Empowering Localities this Quincentennial
Posted on 23 October 2021
By Rene R. Escalante, Ph.D.
In 2018, when the National Quincentennial Committee or NQC had just started, we already envisioned involving as many places as we could in the 500th anniversary of the Philippine part in the first circumnavigation of the world in 2021. I share the same sentiment with the rest of the Filipinos: how come that we did not know much of Palawan’s involvement in this world history. The same thing goes with the association of the Bangsamoro region, Sarangani, Zamboanga Peninsula, and so on and so forth. While there are a number of studies before documenting the places along the route of the first circumnavigation of the Earth, these did not enter well the consciousness of most of us. Thus, we developed this impression that the 500 years or the quincentennial only belongs to either Cebu, Mactan, Limasawa, or Samar which apparently were just four of the thirty-four places the National Historical Commission of the Philippines or NHCP has identified to be part of the first circumnavigation of the planet in Philippine waters. I can say that these accounted places are equally significant, and that includes Tagusao, now a sitio in Barangay Barong-Barong, Brooke’s Point, Palawan. Therefore, the NQC decided to call the series of events from March 16 to October 28, 2021, as the 2021 Quincentennial Commemorations in the Philippines—not just as the 500th anniversary of the introduction of Christianity in the Philippines nor the 500th anniversary of the Victory at Mactan. Each and every site is worthy of appreciation. The Filipinos deserve to know the story of the first circumnavigation of the world in the places beyond Cebu, Mactan, Limasawa, or Samar.
In so doing, the NQC and the NHCP spearheaded the installation of historical markers in these places. The unveiling of these black cast iron markers bearing the coat-of-arms of the Republic of the Philippines serves as the main activity of each and every event under the 2021 Quincentennial Commemorations in the Philippines. Therefore, we have not just unveiled a historical marker. We are commemorating the 500th anniversary of the first circumnavigation of the world in Tagusao. You must own this event. It is not just significant locally nor nationally. It is significant globally.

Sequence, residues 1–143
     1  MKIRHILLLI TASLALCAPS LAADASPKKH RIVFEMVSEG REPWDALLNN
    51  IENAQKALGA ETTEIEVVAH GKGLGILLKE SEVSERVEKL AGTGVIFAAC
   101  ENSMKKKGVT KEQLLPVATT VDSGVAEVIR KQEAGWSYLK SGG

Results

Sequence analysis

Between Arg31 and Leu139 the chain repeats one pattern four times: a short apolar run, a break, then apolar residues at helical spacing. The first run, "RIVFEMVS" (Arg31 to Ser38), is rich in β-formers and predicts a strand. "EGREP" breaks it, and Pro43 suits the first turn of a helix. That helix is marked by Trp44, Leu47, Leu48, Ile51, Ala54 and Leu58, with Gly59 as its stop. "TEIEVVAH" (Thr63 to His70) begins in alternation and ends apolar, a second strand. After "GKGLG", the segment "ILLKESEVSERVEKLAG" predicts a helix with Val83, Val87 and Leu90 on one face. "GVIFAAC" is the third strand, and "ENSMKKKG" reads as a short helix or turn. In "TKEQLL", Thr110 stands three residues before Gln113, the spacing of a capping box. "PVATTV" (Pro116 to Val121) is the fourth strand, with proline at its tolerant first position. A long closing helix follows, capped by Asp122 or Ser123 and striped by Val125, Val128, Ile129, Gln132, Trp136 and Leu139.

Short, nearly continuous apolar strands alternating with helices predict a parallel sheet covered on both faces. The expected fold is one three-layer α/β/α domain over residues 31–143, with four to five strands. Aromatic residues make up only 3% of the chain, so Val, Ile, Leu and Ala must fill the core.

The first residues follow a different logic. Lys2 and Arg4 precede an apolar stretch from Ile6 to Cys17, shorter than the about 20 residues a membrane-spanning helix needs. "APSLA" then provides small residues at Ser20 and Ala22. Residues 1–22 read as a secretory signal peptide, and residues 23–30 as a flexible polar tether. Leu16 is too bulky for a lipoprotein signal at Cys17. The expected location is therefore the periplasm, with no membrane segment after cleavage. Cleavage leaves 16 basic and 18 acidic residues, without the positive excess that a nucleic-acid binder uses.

Through this historical marker, we let the whole world know that Tagusao witnessed the journey that proved that Earth was indeed round. Although I have to say that our ancestors in Tagusao, 500 years ago, were not just spectators of the event as it unfolded. They actively took part in this achievement of science and humankind. When the Magellan-Elcano expedition, the first to circumnavigate the planet, reached the farthest area of Palawan in the present-day Municipality of Aborlan, the initial reaction of our ancestors there was to drive them away. No one among the survivors of the expedition recorded the date of the Palawan episode of their journey. But records are certain that this episode happened between 2 May 1521 or the day the expedition escaped from Cebu to the Bohol waters and 21 June 1521 or the scheduled date of departure of the expedition for Brunei. The original date of our unveiling here at Tagusao was June 18, 2021, then we moved it twice to August 13 and September 24 due to quarantine restrictions. May I take this opportunity to express my utmost gratitude to the Municipality of Brooke’s Point, the Province of Palawan, the Palawan Studies Center of Palawan State University, and the Department of the Interior and Local Government for all the help? The nation owes you a lot for braving the pandemic and the monsoon season.